U.S. Army Training and Doctrine Command’s 50th anniversary is July 1, 2023. In celebration, the TRADOC Communication Directorate in collaboration with the TRADOC Military History and Heritage Office, is sharing an article series highlighting key moments in TRADOC’s history to include the evolution of training, AirLand Battle, and gender integration. This is part one.
On a warm and rainy Sunday, July 1, 1973, right by the Chesapeake Bay’s Hampton Roads and just outside the stone walls of old Fort Monroe in Virginia, the Army established the U.S. Army Training and Doctrine Command under its first commander, Gen. William E. DePuy. As the 50th anniversary approaches, the question arises, why did the Army establish TRADOC?
To answer that question requires a look, decades back, into the Army’s history. During and after World War II, the Army conducted several institutional reorganizations looking for balance in the continental U.S. between maintaining readiness among active duty and reserve units, and conducting their training and education functions. Institutional manifestations of that ongoing effort were the wartime General Headquarters, U.S. Army and the Army Ground Forces as well as the post-war Office of the Chief of Army Field Forces. And then in 1955, yet another Army reorganization recombined almost all the service’s U.S.-based activities into the Continental Army Command, which continued throughout American involvement in the Vietnam War and demonstrated, again, the cumbersomeness of too much institutional responsibility and mission activity compressed into only one command.
Restarting in the late 1960s from unfinished reform efforts earlier that decade and continuing through U.S. military withdrawal from Vietnam in spring 1973, still another Army reorganization began. This time, the endeavor finally produced significant results by trying to resolve CONARC’s overlarge organizational and mission span of control by, once more, looking for institutional balance between U.S.-based units’ readiness, and their training and education functions. That effort, eventually called Operation STEADFAST, culminated on July 1, 1973, with the Army’s disestablishment of CONARC. From its constituent parts TRADOC and the U.S. Army Forces Command were established. Simultaneously, the Army disestablished the Combat Developments Command and incorporated its mission into the newly established TRADOC.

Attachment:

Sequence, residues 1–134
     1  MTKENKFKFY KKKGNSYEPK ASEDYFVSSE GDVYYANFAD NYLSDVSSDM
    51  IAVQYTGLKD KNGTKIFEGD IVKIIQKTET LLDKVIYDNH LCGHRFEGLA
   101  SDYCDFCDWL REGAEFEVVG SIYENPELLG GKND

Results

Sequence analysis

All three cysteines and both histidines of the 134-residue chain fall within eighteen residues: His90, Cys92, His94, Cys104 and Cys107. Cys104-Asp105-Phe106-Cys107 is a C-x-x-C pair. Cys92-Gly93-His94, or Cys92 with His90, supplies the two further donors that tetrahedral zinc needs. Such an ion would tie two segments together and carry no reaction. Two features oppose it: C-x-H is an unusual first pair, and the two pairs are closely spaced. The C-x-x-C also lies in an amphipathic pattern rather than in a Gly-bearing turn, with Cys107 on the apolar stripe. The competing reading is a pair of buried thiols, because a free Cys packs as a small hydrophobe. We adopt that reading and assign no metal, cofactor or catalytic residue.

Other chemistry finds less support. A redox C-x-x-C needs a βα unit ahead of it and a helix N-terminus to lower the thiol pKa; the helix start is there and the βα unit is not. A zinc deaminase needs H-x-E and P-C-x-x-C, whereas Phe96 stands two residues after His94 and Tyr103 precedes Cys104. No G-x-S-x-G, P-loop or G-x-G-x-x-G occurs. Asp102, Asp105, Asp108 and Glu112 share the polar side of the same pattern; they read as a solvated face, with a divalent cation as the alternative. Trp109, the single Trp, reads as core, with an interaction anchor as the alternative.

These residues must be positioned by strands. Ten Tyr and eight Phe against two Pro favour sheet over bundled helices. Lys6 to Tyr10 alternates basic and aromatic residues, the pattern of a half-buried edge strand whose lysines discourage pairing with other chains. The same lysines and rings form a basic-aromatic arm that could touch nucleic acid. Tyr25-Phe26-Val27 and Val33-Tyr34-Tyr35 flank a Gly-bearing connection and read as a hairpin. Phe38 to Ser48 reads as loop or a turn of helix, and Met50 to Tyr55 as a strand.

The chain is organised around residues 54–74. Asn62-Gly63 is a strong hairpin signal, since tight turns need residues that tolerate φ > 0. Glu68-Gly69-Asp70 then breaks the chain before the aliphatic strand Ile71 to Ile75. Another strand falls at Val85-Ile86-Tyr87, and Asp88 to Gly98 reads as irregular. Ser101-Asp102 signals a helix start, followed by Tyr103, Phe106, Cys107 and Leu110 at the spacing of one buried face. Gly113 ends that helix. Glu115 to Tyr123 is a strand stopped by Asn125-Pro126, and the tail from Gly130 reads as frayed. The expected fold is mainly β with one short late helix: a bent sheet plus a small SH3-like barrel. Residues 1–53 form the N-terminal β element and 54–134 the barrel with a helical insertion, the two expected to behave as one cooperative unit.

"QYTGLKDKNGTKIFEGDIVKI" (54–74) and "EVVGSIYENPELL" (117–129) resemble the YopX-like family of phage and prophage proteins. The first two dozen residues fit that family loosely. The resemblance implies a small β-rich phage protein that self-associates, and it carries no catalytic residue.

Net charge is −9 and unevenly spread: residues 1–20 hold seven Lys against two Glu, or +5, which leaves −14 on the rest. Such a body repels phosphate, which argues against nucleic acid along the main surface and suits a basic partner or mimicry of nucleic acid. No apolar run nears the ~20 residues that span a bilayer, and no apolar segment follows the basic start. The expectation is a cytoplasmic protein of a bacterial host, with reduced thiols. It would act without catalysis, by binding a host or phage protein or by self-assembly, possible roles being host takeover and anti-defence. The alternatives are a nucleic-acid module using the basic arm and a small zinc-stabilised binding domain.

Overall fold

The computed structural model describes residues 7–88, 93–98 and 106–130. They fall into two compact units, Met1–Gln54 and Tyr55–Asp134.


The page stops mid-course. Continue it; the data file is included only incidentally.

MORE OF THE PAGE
Since then, FORSCOM has handled active duty and reserve units and their collective training to be ready for war, while TRADOC has accessed the Army’s Soldiers and their leaders into the service; individually trained and educated both groups; formulated the doctrine by which they fight; designed the units in which they serve; and, until the 2018 establishment of the U.S. Army Futures Command, developed the requirements for the equipment all Soldiers use to achieve their tactical and operational missions. Before the 2006 full establishment of the U.S. Army Installation Management Command, TRADOC also operated the Army’s posts, camps, and stations on which it performed the command’s duties.
Over the years since its completion in 1834, Fort Monroe, VA, had become one of the Army’s principal installations, along the way witnessing the birth of the service’s school system in 1824 with the establishment there of the Artillery School of Practice. Fort Monroe had also been home to several of TRADOC’s predecessor commands, including CONARC.
After all the details, why then a TRADOC? In compressed form, the answer has been to give the one Army command to take a new Soldier or leader from first handshake to first unit of assignment and beyond, and to provide them with the training, education, doctrine, units, and (until recently) equipment requirements with which to fulfill the Army’s part of providing the country’s general-purpose land force to the overall joint forces’ effort to win the nation’s wars when called upon to do so.
For more information about TRADOC, visit https://www.tradoc.army.mil/.